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Tallahassee Roundup

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BRADENTON – The 2013 legislative session has ended, but the fallout has just begun. Some lawmakers are calling for a special session to deal with their collective failure to pass any sort of Medicaid reform. Meanwhile, a company founded by the Senate President is being sued by the Justice Department for Medicare fraud, including during the time when he served as an officer. Governor Scott took off on a post-session victory lap this week, but has been dogged by complaints that he did not fight for issues he had claimed to have prioritized.

Florida Democrats, along with potential 2014 governor candidate, U.S. Senator Bill Nelson have called for a special session on Medicare reform. Governor Scott could call a special session to try and force lawmakers to work out a deal, but as The Tampa Bay Times reports, a special session would not be likely unless the House and Senate show an interest in coming up with a compromise plan they would pass.

Senate President Don Gaetz (R-Niceville) is under scrutiny after the U.S. Department of Justice filed suit with a hospice company he founded, for allegedly defrauding Medicare for more than 11 years, including the time Gaetz served as Vice Chairman. Gaetz sold the company to a large hospice chain in 2004 and reportedly does not have current financial ties with the company.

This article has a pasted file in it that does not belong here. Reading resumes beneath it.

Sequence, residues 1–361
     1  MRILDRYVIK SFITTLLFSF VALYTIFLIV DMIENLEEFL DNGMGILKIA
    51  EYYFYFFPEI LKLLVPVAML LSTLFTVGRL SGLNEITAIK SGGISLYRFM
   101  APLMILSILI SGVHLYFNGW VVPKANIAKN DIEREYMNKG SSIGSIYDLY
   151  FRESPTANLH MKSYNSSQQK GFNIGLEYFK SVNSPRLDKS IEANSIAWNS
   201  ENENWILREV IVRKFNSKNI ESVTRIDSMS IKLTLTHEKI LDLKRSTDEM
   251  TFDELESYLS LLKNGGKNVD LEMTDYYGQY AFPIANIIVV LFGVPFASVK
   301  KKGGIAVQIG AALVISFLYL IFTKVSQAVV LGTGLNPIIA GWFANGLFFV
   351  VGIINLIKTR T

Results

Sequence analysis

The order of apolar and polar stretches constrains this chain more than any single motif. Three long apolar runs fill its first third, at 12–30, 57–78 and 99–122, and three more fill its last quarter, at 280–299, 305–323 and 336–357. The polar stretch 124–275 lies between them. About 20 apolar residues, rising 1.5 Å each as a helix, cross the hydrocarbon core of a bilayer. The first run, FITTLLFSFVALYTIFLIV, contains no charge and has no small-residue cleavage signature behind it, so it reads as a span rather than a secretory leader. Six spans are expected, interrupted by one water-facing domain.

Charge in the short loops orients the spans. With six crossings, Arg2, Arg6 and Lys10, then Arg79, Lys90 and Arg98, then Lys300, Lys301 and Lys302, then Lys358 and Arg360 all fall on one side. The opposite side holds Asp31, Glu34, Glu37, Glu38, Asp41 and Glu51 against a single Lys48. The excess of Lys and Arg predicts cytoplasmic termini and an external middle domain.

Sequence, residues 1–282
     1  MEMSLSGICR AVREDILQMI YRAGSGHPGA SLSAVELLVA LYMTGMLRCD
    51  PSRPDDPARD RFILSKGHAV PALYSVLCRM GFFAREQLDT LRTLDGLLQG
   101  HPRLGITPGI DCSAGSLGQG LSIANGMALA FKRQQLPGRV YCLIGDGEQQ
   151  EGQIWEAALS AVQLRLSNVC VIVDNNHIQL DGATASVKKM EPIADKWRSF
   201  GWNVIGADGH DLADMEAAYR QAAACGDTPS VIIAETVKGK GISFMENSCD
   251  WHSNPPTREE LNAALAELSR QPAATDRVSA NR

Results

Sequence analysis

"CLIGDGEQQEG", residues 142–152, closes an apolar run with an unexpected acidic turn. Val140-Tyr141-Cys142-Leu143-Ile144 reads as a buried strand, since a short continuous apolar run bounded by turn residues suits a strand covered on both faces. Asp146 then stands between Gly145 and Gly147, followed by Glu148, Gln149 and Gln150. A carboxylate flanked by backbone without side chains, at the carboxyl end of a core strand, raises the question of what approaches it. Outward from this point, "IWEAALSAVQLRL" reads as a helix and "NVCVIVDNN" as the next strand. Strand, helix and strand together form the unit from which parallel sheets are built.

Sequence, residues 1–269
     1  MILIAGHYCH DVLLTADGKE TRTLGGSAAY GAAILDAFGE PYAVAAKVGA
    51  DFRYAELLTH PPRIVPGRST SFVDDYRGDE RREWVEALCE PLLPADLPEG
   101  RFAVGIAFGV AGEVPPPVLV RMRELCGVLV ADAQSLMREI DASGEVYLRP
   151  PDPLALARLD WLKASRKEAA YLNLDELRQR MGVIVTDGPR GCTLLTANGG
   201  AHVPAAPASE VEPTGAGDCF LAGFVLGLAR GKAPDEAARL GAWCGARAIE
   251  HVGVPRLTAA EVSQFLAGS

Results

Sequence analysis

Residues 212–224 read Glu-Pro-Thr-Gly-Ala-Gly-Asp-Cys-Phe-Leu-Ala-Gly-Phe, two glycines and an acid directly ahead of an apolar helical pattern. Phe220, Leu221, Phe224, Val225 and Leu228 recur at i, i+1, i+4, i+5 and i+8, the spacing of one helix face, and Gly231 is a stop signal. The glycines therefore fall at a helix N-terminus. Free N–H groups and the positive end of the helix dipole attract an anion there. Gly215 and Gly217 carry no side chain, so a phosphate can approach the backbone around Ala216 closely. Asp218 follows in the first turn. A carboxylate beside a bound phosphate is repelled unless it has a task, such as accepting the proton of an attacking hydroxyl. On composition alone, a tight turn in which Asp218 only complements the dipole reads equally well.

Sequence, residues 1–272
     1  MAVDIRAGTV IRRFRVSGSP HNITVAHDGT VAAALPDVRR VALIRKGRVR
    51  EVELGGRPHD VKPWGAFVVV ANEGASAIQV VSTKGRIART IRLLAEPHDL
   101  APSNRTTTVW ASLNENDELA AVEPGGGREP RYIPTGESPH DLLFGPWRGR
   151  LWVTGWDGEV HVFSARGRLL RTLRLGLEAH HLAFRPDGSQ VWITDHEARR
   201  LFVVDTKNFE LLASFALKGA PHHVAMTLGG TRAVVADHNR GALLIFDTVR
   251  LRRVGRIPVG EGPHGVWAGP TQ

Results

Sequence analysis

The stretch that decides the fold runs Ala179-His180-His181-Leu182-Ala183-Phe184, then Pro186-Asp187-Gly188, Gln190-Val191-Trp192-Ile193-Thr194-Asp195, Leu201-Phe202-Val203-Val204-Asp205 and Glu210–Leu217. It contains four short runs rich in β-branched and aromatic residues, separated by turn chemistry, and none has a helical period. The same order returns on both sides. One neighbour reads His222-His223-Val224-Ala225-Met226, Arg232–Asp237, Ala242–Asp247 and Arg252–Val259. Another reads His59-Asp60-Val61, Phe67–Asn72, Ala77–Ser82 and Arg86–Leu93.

The Governor went on a victory lap, stumping across the state, while promoting what he said he saw as a successful session in which his top priorities were met. Scott mostly focused on the teacher raises, though he caught slack for not fighting for the across the board raises he'd asked for and for letting the legislature insist that they not be implemented until June of 2014, which means another session will take place before then.

The governor officially received the budget this week and has until May 24 to act on it, which means the wheeling and dealing may not be over. Scott could line-item veto several measures, including the proposed 3 percent tuition hike for state universities, which he has said he's firmly against. The governor has also made mention of his intent to scrutinize local pork projects, more of which are coming to light as the lines of the budget are connected.


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